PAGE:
How do you memorize your speeches and your stories? They seem to just flow like you have told them a million times.
The simple answer is…I don’t.
Don’t memorize; Familiarize.
Whenever I have a presentation, sermon, speech or a storytelling event I don’t memorize what I am going to say. I have tried to memorize my speech and when I was an actor I had to do more memorization because I had someone else depending on my words, but speaking is different. I don’t just want to repeat the words I want to deliver a message.
When I am getting started with a presentation I start by writing an outline of my points and think about my opening and my closing points. Then I start talking. I treat the speech like it is impromptu and see how things sound and feel. (This may be why I am so good at Table Topics in Toastmasters) As I find things I like, I write them down. I keep the things I like and discard the things I don’t.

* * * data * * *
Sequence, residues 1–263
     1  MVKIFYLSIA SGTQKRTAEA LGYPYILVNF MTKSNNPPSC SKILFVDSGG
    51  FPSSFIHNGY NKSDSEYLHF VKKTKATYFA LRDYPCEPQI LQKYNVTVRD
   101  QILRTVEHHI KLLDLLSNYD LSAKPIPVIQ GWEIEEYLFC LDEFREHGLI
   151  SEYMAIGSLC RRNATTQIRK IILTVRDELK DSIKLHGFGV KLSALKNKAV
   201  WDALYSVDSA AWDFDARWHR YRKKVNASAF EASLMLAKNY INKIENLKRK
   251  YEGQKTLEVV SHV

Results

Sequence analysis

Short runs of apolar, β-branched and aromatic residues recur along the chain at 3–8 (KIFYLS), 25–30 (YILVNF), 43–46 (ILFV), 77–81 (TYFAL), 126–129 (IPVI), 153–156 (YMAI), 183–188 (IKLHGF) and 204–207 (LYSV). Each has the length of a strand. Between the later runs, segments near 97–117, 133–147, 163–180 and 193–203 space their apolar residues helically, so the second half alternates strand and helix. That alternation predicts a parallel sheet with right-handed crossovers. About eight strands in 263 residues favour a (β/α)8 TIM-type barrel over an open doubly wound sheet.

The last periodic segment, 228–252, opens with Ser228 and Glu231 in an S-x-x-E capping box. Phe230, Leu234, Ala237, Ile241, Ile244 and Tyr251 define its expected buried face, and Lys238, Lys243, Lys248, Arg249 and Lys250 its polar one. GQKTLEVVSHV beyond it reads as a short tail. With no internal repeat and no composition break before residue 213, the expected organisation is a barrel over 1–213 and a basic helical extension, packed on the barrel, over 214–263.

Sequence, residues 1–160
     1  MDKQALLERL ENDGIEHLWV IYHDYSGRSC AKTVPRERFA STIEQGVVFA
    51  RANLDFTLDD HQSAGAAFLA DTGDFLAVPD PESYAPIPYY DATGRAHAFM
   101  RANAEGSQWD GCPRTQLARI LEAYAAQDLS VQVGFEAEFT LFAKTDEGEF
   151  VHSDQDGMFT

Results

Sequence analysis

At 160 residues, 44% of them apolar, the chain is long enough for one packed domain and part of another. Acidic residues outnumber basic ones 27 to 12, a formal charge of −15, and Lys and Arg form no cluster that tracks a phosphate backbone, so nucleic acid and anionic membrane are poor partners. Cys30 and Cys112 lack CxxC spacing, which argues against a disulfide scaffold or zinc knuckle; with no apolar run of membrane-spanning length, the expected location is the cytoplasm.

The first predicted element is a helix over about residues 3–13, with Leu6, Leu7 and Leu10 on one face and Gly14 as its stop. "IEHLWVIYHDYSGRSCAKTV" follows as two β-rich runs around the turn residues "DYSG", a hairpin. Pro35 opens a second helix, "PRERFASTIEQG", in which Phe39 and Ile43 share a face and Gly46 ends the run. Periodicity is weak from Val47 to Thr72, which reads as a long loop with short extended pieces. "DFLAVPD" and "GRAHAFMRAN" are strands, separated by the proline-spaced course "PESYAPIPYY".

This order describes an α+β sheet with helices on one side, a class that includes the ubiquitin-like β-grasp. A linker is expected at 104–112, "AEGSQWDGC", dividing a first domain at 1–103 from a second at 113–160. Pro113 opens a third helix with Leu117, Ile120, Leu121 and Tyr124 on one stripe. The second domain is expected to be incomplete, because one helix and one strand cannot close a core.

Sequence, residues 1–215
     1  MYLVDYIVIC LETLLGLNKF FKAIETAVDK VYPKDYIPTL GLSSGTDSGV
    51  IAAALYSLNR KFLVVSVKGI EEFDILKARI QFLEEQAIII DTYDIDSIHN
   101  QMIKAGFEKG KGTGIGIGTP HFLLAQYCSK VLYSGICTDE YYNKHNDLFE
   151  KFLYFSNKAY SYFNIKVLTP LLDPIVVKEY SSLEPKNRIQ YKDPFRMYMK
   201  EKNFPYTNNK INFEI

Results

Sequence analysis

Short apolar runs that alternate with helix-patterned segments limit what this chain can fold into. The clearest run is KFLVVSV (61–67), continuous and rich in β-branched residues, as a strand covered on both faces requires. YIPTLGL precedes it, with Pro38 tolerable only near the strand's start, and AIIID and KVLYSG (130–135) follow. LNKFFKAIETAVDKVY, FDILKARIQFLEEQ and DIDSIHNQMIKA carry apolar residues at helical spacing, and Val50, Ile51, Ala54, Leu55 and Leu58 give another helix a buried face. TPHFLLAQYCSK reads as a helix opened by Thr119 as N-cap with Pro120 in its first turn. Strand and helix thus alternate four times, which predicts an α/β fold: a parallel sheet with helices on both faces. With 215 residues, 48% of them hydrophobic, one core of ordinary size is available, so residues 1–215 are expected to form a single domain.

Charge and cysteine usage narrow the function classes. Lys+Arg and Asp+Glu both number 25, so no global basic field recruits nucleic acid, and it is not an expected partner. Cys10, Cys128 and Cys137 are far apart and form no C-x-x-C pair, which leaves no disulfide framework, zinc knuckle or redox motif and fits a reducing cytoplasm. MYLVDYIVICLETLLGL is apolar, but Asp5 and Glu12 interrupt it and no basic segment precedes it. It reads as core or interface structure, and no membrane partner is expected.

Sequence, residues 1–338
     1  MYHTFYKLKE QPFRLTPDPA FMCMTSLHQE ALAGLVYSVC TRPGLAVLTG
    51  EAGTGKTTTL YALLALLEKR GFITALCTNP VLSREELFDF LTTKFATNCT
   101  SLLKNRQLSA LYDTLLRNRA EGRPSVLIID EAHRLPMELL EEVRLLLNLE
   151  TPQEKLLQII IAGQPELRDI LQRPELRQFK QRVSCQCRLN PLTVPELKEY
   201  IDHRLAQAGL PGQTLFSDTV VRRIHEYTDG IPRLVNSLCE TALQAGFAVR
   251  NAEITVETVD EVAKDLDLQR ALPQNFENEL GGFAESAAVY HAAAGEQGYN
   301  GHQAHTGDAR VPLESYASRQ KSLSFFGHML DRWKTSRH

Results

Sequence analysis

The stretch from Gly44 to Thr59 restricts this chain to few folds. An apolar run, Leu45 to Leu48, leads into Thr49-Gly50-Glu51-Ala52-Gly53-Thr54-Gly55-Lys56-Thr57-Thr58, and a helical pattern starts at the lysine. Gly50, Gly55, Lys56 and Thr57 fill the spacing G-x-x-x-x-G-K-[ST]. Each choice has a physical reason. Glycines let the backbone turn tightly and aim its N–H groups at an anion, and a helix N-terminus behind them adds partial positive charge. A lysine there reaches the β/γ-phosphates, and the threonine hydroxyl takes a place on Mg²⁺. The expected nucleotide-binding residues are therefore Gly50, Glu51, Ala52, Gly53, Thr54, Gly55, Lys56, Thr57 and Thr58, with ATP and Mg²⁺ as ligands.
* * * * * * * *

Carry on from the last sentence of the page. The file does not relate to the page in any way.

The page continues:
When it comes time to actually deliver I have run through the entire thing dozens of times and I am very familiar with my points, my transitions and most importantly my open and close. You may even say that I have memorized it by this point, but most of the time I haven’t practiced it the exact same way.
Does this mean I miss things I wrote down and I meant to say? Yes. Does it even mean I say things that I didn’t plan on saying? Occasionally. It means that every presentation is customized for the audience I am delivering to and is more natural to me. I have heard people who delivered a memorized speech and you could tell. If you have serious acting chops you may be able to deliver it in a way that doesn’t sound memorized but many of us aren’t that good. So when you have a message to deliver familiarize your points but don’t memor